Antibiotics Home > Vantin

A healthcare provider may prescribe Vantin to treat various bacterial infections. It comes as a tablet or oral suspension (liquid), and is usually taken twice daily. Your dosage will be calculated based on your age and weight, the severity of the infection, and other medications you are taking, among other factors. Side effects can include nausea, diarrhea, and yeast infections.


What Is Vantin?

Vantin® (cefpodoxime proxetil) is a prescription cephalosporin antibiotic licensed to treat a number of different infections. It is taken by mouth and is approved for use in children as young as two months old.
(Click Vantin Uses for more information on this topic, including possible off-label uses.)

Who Makes This Medication?

Brand-name Vantin was made by Pfizer, Inc., but is no longer being manufactured. Generic versions, however, are still available and are made by various manufacturers.

How Does Vantin Work?

Vantin is a cephalosporin antibiotic. Cephalosporins are part of a larger group of medications known as beta-lactam antibiotics, which are named after the ring-like "lactam" structure of these drugs.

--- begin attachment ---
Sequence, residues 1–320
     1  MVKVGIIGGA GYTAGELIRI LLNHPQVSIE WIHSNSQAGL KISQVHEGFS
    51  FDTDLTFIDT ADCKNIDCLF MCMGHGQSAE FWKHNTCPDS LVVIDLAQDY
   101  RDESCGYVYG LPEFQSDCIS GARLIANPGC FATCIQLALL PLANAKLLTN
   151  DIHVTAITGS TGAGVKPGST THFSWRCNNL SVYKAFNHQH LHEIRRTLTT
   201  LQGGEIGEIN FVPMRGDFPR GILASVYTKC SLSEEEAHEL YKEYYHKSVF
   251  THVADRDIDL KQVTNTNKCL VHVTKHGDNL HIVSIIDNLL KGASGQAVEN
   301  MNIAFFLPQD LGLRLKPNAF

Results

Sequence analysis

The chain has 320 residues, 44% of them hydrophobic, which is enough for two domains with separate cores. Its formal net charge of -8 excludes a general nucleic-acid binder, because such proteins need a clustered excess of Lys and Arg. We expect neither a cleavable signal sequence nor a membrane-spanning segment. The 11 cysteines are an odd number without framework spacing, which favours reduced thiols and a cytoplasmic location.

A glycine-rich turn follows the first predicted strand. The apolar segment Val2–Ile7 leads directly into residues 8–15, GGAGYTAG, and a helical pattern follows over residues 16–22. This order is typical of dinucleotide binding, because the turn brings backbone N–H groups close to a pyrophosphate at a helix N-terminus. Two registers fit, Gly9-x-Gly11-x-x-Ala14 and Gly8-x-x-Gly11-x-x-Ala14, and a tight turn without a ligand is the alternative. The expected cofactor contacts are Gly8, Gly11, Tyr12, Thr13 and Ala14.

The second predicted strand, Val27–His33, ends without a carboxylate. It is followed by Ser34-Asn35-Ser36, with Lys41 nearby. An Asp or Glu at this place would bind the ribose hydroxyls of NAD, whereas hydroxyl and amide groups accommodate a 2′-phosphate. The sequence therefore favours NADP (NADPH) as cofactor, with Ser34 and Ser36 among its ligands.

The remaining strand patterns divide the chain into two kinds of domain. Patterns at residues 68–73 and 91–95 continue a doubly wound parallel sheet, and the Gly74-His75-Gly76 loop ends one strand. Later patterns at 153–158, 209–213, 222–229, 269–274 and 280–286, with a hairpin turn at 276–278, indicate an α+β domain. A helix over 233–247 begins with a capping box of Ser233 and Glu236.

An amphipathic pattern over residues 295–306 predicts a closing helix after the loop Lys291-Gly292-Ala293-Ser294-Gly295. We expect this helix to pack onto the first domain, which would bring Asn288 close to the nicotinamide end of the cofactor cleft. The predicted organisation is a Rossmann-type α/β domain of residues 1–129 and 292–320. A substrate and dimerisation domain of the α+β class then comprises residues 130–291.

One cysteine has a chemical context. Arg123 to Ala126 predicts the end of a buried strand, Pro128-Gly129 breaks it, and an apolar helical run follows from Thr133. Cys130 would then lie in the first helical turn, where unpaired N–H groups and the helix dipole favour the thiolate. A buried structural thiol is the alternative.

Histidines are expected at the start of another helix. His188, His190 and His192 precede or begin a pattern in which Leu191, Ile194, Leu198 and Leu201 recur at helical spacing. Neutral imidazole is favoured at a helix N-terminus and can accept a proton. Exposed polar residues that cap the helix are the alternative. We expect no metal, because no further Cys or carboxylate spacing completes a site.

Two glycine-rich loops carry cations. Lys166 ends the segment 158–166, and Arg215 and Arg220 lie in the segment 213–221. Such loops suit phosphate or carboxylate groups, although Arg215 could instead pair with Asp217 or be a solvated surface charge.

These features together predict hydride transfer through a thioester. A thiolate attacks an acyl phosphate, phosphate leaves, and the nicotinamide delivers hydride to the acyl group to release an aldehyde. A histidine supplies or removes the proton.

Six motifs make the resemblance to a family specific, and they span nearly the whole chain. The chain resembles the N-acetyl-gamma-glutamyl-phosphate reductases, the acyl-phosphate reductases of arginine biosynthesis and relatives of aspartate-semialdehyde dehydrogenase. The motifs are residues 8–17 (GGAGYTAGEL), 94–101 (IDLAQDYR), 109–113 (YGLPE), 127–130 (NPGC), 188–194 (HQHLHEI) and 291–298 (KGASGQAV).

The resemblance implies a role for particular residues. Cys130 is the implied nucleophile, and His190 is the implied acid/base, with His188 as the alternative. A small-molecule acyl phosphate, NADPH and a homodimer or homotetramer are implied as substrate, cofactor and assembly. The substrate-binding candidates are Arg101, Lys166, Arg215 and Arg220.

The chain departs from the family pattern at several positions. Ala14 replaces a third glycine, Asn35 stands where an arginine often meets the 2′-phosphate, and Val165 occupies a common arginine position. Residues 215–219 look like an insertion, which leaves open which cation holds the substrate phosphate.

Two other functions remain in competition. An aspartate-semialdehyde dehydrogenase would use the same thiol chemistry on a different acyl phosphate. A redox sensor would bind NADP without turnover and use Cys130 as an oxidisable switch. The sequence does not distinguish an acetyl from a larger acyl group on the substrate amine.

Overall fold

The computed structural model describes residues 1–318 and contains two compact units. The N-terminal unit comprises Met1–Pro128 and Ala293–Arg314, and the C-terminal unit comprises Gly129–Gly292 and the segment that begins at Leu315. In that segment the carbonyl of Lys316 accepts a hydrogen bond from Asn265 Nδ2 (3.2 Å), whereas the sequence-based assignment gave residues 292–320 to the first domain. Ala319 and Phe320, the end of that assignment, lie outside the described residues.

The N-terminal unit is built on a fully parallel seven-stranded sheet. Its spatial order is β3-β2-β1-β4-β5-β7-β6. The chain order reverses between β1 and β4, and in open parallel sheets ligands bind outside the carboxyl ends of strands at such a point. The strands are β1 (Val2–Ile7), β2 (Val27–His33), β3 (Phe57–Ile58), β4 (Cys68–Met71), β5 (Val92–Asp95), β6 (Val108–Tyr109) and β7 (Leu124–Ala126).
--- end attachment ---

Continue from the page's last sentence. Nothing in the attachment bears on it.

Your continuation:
Vantin works by stopping bacteria from making cell walls, which eventually causes the bacteria to die. Cephalosporins are related to penicillin medications. Vantin is usually classified as a "third-generation" cephalosporin.

When and How to Take It

Some general considerations to keep in mind during treatment with Vantin include the following:
  • This medication comes in tablet or oral suspension (liquid) form. Vantin is taken by mouth, usually twice a day.
  • The length of treatment recommended will vary, depending on the type and severity of the infection.
  • The tablets are best absorbed when taken with food. For the liquid, you may take it with or without food.
  • Make sure to shake the suspension well before each dose.
  • Make sure to finish the prescribed course of this antibiotic, as stopping Vantin too soon can lead to more serious infections.
Written by/reviewed by:
Last reviewed by: Kristi Monson, PharmD;
Last updated/reviewed:
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